Updated from 6:40 p.m. EST
A slew of American retail, technology and financial companies with branches in Asia are scrambling to protect employees -- and business operations -- from a mysterious respiratory illness that apparently originated in China.
The highly contagious disease, known as severe acute respiratory syndrome, or SARS, has spread in recent weeks to several countries, mostly in Asia, with Hong Kong being hit the hardest. On Tuesday, passengers on a
California-bound American Airlines flight from Tokyo complained of possible SARS symptoms, adding to the troubled industry's concerns. Later, news reports said the passengers didn't have the disease.
Still, a number of American tech companies have restricted travel to and from Asia, or have banned it outright, said a spokeswoman for the American Electronics Association.
are the only two American technology companies directly affected thus far.
"So far, we've heard no reports of other problems," said a spokeswoman for the 140-member Semiconductor Industry Association. "Transportation of goods has not been affected," she said. However, many semiconductor companies ship products via regularly scheduled airliners, so any disruption of passenger flights could create a problem.
Intel, which employs about 250 sales and marketing people in Hong Kong, asked some of its staff to work from home when it discovered that one of its employees lives in an apartment building believed to be a hot spot for the disease, said company spokesman Chuck Mulloy. The employee has developed symptoms of the potentially fatal disease, he said.
The partial quarantine will last until next week, Mulloy said, adding that the outbreak hasn't had a significant impact on business. As a precaution, Intel employees traveling to or from Asia must get approval from management at both ends of the trip. "Obviously we are monitoring the situation. We don't want to make the situation any worse," he said.
Intel has a much larger presence in the Philippines, Malaysia and mainland China, where it has assembly and testing facilities.
Meanwhile, 305 employees at a Motorola plant in Singapore were ordered to stay home after one of them was infected with SARS, according to a report in
The Wall Street Journal
. The plant was closed for part of the Thursday night shift, but reopened the next day.
receives between 85% and 90% of its footwear from four Asian countries: China, Indonesia, Vietnam and Thailand. But so far, the company has seen "little to no calculable impact" from SARS, according to Vada Manager, director of global issues management. "There have been no high rates of absenteeism. It's not affected any products in terms of slower delivery."
The company already had restricted travel because of security concerns. Yet with SARS adding to those worries, employees traveling to Asia must now have their trips approved by top management. "We're taking advantage of a lot more videoconferencing," said Manager. "There are more cars in the parking lots at night, with people who haven't been traveling trying to accommodate their Asian colleagues."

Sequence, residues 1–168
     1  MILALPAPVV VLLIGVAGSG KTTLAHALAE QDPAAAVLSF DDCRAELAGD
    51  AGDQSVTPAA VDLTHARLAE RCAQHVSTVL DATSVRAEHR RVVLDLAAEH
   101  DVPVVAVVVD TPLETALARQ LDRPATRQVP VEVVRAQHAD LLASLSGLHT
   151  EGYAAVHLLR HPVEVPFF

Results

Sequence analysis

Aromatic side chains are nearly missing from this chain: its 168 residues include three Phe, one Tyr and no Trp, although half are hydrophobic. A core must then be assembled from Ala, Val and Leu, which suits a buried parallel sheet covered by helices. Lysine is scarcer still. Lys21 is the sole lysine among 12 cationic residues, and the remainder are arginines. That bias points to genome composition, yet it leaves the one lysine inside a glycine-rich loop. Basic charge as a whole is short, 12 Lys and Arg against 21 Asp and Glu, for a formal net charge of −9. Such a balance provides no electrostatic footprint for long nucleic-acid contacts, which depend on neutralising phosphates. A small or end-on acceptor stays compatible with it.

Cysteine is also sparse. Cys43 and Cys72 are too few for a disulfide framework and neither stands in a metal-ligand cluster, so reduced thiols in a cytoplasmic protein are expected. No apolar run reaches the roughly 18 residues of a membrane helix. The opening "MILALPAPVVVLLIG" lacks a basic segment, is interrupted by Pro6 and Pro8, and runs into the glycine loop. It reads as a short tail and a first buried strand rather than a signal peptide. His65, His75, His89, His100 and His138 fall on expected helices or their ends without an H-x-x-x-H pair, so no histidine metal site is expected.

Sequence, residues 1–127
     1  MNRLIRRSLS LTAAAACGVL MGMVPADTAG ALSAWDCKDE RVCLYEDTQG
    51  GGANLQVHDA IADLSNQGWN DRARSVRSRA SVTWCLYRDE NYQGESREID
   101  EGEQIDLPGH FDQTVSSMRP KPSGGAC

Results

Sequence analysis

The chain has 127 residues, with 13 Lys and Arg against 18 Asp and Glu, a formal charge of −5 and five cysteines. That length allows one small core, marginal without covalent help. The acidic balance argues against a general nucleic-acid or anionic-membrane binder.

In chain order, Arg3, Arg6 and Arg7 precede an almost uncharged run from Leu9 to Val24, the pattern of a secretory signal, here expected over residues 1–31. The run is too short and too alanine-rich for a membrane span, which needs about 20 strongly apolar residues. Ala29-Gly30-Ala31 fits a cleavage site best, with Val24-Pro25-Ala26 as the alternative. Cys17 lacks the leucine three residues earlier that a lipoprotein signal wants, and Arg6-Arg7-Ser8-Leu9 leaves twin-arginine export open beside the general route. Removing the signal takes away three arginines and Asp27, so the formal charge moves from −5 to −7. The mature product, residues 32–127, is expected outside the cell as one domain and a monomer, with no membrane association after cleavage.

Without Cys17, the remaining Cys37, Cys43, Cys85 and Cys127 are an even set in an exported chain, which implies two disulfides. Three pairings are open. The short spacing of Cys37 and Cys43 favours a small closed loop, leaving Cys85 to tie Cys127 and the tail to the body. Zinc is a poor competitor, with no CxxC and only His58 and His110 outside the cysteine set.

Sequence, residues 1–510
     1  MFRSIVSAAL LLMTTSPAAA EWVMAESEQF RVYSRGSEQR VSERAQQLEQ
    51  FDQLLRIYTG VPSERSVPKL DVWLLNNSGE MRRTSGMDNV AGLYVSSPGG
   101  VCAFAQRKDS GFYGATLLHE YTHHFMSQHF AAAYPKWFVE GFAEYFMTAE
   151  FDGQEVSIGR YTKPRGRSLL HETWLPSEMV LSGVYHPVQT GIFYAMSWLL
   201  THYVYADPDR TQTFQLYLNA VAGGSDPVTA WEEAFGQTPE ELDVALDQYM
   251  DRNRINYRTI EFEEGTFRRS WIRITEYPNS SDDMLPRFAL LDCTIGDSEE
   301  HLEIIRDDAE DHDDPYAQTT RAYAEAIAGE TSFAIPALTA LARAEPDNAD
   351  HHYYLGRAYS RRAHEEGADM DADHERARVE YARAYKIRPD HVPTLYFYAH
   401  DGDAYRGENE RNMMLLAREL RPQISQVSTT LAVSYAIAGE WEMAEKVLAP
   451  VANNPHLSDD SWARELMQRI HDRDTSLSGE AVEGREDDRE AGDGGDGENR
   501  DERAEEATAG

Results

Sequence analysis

buys about 14% of its merchandise from China alone, including Hong Kong. (It doesn't offer a breakout for suppliers in the rest of Asia.) Spokesperson Claudia Hawkins said the company so far hasn't been impacted "either in terms of offices overseas or goods coming out of those countries at this point in time. But we are monitoring it quite closely."
Under the company's current travel policy, she said, "if employees do not feel comfortable
about traveling to Asia, they can have a conversation with their manager and postpone their trip."
, the London-based bank with a big Asian operation, said it has moved a number of workers in Hong Kong to other locations.
Separately, a hedge fund manager said some overseas colleagues have expressed concern about how the disease could affect the operations of foreign funds.
But most financial firms with operations in Asia appear to be taking a wait-and-see attitude.
J.P. Morgan Chase
haven't taken any unusual precautions. Neither has
Of course, until recently, no one had heard of SARS, so the situation is one that could quickly change in the coming weeks.
China's last tally, released more than a week ago, put total SARS cases in the country at 806, with 34 deaths, according to the
. The current worldwide total is more than 1,880 cases and at least 64 deaths, the
Meanwhile, the American Association of Cancer Research, which is holding its annual meeting in Toronto April 5 to 9, said the meeting is still on. The association said it has posted SARS-related material on its Web site for the roughly 15,000 people expected to attend. About 80 people in Toronto hospitals are possible SARS victims, according to the
, which said six people in Canada have died of the disease.
Most of the infected in Toronto are health care workers, and two Toronto hospitals have shut their doors to incoming patients in an attempt to control the infection.
Two people -- a Wall Street hedge fund manager and an oncologist -- told
that they canceled plans to attend the cancer-research meeting due to SARS fears. The National Cancer Institute, which typically sends a large contingent to the meeting, doesn't have a formal travel ban in effect, according to a spokeswoman.
Matthew Goldstein contributed to this article.